There’s a tiny secret I’m keeping this week. It isn’t a devastating secret, but it’s potentially hurtful to someone I care about, and it’s been niggling at my conscience all week long. So my reading this week was quite appropriate, for both novels centered on the psychological effects of carefully hoarded secrets.
In Nicole Borkat’s What Matters Most, thirty six year old Georgie Merkin struggles to accept her father’s death while coming to terms with life altering revelations from her mother’s past. As family secrets continue to reveal themselves, Georgie and her mother Estelle begin to repair the persistent cracks in their relationship, a relationship marked by Estelle’s seeming coldness and reserve. When Georgie comes to a crossroads in her own life, and ultimately chooses a course of action she will keep secret from her son, she comes to a new understanding of her mother’s circumstances.
What danger was there in disclosue? After all, shame and self-censure were not genetic traits like slim hips and left-handedness. Whatever measure of these she possessed were learned from her mother, and now she new why. For nearly forty years Estelle had safe-guarded her secret, and all the while the feeling had festered. Her heart, already a thicker muscle than most, had become tighter, tougher.” (What Matters Most)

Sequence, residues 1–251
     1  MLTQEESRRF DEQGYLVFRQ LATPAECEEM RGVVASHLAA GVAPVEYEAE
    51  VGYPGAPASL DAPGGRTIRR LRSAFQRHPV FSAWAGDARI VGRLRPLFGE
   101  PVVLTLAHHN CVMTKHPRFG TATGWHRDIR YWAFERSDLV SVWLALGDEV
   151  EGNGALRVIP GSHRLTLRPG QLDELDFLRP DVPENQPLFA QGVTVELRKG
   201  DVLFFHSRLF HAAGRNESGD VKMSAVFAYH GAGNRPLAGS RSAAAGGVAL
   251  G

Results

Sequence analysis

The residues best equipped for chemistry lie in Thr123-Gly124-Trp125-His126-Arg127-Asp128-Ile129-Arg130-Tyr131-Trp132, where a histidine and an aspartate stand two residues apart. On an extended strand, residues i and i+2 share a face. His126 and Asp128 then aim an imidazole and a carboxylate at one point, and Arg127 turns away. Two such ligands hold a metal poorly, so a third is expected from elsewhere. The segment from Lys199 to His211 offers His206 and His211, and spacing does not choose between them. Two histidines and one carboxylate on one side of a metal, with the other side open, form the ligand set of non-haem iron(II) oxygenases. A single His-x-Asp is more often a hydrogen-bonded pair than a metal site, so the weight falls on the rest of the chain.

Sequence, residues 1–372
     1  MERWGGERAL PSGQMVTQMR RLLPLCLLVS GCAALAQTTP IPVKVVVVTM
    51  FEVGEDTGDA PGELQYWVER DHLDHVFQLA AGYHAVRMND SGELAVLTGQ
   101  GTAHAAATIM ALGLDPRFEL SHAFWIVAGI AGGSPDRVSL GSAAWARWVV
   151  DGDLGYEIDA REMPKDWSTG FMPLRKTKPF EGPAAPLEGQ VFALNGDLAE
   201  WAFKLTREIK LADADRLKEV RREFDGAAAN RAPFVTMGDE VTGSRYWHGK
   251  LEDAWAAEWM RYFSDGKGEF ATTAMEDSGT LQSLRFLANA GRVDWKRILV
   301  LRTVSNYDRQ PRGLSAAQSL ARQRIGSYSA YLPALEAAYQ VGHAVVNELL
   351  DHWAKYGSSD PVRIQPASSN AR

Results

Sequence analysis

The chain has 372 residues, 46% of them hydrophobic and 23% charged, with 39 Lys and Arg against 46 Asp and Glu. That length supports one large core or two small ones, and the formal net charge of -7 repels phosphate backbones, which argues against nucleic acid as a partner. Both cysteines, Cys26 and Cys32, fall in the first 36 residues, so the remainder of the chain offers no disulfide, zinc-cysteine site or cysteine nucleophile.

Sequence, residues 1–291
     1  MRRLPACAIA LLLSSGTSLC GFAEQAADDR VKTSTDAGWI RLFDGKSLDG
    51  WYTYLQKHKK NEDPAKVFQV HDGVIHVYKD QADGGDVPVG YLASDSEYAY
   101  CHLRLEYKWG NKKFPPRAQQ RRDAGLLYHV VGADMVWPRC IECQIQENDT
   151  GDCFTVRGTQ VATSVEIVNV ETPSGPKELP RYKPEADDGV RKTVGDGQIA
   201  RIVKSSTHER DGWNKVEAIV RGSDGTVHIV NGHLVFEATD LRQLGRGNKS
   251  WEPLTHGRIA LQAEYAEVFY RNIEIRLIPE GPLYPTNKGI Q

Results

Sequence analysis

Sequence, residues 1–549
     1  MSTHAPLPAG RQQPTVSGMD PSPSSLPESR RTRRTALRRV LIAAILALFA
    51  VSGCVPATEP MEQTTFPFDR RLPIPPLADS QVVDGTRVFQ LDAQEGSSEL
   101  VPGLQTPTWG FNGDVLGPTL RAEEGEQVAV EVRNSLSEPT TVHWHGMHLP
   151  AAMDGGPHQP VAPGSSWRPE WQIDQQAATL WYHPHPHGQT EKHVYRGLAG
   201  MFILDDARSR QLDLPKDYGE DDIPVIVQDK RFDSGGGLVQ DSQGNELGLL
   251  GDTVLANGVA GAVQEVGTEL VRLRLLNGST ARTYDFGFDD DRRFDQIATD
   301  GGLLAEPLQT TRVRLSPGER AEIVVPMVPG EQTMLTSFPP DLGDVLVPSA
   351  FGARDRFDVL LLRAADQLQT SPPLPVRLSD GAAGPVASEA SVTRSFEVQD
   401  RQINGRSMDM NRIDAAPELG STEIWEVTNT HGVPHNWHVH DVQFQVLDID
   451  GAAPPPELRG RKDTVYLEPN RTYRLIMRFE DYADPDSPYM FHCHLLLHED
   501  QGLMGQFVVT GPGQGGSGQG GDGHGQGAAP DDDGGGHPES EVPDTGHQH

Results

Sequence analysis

Secrets definitely abound in Bernard Schlink’s The Reader. The story begins with 15 year old Michael Berg’s obsessive affair with an older woman, Hanna Schmitz, a secret he obviously keeps from his family and friends. It continues in later years as Michael comes to learn devastating secrets about Hanna’s past experiences as a guard in the Nazi concentration camps. Then Michael makes another realization about Hanna which he chooses to keep secret, information which could have affected the outcome of her life, and information that ultimately binds the two of them together in an unusual and painful way.
In both these novels, secrets become the driving force of emotions and behaviors, occasionally to devastating affect. Both novels make clear the way life is layered, the manner in which our past behaviors color not only our emotional devlopment but the way events will unfold and relationships emerge for generations to come.
The tectonic layers of our lives rest so tightly one on top of the other that we always come up against earlier events in later ones, not as matter that has been fully formed and pushed aside, but absolutely present and alive. I undertand this. Nevertheless, I find it hard to bear.” ( The Reader)
I believe secrets are inevitable, and each person’s reason for keeping them as unique as the person themselves. As for my little secret this week ~ well, it’s effect on my future remains (at least for now)…a secret.